Fat And Flour – Maillard Reaction – Caramelizing

Maillard Reaction
Maillard Reaction

Look at a chart on the Maillard reaction*

Note: 1) using leaven and olive oil makes dry firm/soft bread, 2) oil probably does not contain water, 3) fat appears to contain water, 4) the word fat used in this blog post may only refer to butter

Note: 1) another combination is oil and butter (flavor and moisture) (make biscuits or pizza crust with oil and butter), 2) find the number of combinations without repetition (leavened, not leavened, oil, fat)

When baking, the butter in puff pastry melts and releases moisture. What is the word for fat and flour cooking together while baking? Does the word frying work? Is steaming a better word? If I find a word, I will put the word in this blog post.

People can describe what heat does to the outside of something made with puff pastry using the Maillard reaction. To understand baking better, someone should start by making unleavened bread. After making unleavened bread, a person should consider making leavened bread without fat. Then a person should make leavened bread with fat. Imagining that all of these different types of bread have been baked, I am suggesting that they are all similar because the outside of the bread is browned. Each type of bread is different because bread made without leaven is hard and brittle, bread made with leaven is soft, and bread made with leaven and fat is soft and flaky or moist (humid). The missing combination is unleavened bread made with fat. I do not have the experience to imagine the appearance of buttery matzo.

What is the effect of using too much fat? I do not know. I have made matzo, French bread, and biscuits. Matzo is unleavened bread, French bread contains leaven and no fat, and biscuits use leaven and fat. Each type is browned on the outside. Matzo is hard, dry and brittle. Leavened bread without fat is soft and dry. Leavened bread with fat is soft and flaky or moist (humid). I am able to observe that the fat makes the bread moist. The remaining oil from the fat must change the texture and flavor of the bread.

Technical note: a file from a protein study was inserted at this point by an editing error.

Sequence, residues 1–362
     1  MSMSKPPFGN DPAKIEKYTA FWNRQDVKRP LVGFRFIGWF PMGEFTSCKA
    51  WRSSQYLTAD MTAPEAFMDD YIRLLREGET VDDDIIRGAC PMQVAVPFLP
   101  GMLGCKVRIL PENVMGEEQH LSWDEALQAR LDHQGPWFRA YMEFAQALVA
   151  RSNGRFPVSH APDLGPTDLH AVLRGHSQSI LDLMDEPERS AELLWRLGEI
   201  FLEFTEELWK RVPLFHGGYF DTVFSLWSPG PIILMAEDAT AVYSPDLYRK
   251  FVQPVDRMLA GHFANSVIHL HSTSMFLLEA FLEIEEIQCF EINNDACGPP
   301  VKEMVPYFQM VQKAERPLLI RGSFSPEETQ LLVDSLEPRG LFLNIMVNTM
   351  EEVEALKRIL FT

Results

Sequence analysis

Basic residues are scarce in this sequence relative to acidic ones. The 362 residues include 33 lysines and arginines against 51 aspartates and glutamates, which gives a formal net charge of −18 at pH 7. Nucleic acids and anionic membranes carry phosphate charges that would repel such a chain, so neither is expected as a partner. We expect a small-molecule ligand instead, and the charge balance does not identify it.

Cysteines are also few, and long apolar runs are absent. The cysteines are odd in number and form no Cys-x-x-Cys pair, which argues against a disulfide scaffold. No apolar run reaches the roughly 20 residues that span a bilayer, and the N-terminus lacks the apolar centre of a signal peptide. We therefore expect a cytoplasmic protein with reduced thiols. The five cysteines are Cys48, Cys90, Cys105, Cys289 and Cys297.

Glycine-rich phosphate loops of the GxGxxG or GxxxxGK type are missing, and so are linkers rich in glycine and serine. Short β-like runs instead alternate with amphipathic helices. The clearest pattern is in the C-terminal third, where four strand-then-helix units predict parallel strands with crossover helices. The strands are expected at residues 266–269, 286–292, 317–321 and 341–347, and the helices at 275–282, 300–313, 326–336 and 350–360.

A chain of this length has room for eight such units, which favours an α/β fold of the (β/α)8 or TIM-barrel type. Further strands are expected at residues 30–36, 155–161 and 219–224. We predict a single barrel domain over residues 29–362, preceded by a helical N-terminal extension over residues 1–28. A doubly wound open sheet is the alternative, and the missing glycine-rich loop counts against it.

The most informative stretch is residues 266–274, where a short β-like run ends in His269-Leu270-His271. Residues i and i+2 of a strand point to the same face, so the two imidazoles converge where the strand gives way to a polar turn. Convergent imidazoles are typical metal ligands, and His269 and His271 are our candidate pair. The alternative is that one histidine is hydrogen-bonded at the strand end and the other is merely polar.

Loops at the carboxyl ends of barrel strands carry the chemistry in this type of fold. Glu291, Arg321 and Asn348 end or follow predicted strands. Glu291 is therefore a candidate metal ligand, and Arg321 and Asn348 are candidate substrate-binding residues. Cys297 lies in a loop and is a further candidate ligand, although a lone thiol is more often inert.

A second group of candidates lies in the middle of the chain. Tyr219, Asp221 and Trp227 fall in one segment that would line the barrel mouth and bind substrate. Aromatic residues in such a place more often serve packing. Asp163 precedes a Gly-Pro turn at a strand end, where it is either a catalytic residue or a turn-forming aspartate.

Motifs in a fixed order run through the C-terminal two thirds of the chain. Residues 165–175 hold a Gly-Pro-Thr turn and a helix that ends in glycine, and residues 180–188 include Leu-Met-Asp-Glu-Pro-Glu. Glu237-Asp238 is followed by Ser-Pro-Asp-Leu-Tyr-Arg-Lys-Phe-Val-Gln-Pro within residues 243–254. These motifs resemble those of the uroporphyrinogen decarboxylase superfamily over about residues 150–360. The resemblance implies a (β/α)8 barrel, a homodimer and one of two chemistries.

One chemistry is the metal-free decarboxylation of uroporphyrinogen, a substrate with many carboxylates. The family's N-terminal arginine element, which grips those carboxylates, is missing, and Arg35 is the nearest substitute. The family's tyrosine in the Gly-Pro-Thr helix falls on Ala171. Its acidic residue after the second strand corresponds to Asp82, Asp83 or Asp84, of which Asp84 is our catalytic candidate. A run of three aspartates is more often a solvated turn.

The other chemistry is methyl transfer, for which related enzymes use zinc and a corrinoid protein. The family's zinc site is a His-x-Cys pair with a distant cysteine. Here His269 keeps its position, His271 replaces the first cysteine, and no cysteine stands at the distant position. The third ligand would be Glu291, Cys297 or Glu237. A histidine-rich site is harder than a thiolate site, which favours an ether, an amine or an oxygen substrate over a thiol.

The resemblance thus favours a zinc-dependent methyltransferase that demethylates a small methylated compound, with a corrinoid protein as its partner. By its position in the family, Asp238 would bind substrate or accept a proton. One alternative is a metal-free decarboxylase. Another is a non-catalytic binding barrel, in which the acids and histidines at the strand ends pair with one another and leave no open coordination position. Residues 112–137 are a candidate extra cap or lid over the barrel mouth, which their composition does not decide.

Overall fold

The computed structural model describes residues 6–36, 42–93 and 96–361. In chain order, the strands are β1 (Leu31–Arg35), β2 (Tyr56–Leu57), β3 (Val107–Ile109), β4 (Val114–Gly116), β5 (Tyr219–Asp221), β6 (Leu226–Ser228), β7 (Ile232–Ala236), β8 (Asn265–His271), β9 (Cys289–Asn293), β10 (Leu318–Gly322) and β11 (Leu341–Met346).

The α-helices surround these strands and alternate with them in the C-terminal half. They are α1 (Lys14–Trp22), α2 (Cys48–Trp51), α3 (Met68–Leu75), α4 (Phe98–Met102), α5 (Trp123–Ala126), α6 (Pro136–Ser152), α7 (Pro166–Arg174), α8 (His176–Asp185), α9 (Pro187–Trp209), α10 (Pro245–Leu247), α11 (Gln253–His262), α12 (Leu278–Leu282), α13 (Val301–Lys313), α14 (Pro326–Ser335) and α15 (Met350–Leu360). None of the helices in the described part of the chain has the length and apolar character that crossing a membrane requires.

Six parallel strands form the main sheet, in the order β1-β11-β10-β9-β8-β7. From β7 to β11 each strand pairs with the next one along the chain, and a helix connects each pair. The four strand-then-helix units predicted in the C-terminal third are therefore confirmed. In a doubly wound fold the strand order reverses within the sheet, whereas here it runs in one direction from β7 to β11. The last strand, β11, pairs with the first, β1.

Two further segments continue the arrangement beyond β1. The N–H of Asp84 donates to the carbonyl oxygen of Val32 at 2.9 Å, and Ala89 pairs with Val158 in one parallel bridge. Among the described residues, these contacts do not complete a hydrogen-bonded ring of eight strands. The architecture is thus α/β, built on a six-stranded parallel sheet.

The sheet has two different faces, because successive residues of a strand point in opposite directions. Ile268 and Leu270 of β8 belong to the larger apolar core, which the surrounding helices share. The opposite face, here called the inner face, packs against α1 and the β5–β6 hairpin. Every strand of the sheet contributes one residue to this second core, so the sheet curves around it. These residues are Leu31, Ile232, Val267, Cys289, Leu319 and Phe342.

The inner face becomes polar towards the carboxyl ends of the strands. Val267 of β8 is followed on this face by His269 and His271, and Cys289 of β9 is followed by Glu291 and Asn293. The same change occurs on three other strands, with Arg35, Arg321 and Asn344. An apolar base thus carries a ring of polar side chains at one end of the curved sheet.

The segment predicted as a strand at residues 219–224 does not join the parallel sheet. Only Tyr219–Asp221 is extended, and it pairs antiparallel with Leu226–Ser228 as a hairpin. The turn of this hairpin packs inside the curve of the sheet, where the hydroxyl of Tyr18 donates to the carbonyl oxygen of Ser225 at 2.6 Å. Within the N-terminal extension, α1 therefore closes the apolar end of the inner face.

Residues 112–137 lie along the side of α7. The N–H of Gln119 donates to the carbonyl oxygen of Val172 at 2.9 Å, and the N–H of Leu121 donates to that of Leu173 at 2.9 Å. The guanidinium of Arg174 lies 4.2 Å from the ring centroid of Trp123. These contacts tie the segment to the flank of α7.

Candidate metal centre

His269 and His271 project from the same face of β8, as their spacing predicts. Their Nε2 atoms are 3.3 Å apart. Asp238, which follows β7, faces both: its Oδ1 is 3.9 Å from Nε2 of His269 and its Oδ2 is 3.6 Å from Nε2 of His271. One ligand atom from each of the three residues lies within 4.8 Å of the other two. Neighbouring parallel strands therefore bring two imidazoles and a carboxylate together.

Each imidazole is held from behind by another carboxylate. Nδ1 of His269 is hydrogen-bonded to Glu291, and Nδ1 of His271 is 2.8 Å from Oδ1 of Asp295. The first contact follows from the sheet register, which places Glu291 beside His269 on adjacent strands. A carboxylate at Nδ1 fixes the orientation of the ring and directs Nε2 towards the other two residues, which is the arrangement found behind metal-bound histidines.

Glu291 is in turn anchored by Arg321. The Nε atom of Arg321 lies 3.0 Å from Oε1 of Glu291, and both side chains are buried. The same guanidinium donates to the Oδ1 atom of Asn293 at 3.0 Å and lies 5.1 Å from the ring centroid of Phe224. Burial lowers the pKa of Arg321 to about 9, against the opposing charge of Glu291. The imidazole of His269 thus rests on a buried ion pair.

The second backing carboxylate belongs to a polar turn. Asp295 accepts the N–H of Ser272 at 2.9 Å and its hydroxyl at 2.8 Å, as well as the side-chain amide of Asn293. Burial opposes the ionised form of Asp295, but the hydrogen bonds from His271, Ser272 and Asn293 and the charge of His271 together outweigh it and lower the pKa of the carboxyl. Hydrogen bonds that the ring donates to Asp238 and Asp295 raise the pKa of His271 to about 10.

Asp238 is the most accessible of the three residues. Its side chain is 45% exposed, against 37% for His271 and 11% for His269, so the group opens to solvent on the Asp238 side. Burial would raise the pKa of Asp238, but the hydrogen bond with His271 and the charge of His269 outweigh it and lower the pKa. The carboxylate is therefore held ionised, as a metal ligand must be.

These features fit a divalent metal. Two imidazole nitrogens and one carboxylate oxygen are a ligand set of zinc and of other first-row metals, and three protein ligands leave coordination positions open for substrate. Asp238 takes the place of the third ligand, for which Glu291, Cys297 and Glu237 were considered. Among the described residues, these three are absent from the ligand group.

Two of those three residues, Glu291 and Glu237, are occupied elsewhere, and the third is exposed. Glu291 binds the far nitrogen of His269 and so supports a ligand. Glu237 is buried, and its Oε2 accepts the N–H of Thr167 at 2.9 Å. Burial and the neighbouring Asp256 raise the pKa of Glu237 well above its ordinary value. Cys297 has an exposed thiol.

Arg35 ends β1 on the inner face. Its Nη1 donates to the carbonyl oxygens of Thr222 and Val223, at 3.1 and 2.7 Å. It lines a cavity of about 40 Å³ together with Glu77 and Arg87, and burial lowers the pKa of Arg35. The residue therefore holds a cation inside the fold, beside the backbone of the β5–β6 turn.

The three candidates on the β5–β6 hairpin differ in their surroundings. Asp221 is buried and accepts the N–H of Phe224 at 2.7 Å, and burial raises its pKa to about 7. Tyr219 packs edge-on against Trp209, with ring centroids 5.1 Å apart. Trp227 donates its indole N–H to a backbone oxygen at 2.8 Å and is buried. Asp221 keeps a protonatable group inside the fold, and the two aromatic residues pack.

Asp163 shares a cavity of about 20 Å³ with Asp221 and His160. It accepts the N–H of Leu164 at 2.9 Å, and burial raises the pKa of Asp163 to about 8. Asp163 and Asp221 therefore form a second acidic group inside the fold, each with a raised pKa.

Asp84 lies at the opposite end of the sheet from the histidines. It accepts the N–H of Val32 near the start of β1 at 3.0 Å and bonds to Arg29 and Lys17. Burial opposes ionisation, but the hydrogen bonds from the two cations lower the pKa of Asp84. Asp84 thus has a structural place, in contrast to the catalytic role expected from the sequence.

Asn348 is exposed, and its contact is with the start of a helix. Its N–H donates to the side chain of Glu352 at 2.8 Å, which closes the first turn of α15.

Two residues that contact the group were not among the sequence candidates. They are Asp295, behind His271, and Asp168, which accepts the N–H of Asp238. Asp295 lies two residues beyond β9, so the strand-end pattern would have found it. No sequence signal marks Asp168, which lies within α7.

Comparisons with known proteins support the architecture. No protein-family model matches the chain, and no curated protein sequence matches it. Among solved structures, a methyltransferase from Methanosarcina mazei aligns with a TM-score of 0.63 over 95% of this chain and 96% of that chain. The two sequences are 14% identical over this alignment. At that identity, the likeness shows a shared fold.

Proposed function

Without doing science, the answer to the question asking what is the effect from using too much fat when making bread must be that the bread becomes more moist by adding fat until someone adds enough fat that the flour cannot be used to form bread dough. The extreme example is making bread dough that melts similarly to a cookie. Cookies contain great amounts of sugar. Maybe an unsweetened cookie is what someone makes when too much fat is added to bread dough.

A conceptual explanation of the Maillard reaction can describe what occurs to the outside of bread when someone bakes bread. A scientific explanation includes knowledge from chemistry. Following the link above may provide graphics that explain how the shapes of the molecules change based on specific cooking and baking circumstances. Different fats and temperatures change the Maillard reaction. Conceptually speaking, the sugar melts, browns, or burns. Caramel is browned sugar. When the sugar in food is heated, the sugar can brown. The sugar can become caramel. Caramel is candy. Caramelizing something changes sugars in food to become candy. Browned biscuits are flavored with caramelized sugars. A general rule for cooking is that more heat makes sweeter food. Unless the food burns. Burned food supposedly lacks flavor. Burned food may only have texture.


* Maillard Reaction. Digital Images From A Video. Top Chef Masters, Season 3: Blinded Me With Science. From: YouTube, https://youtu.be/Q41XkYXJ9xM (accessed December 10, 2016).


2 thoughts on “Fat And Flour – Maillard Reaction – Caramelizing

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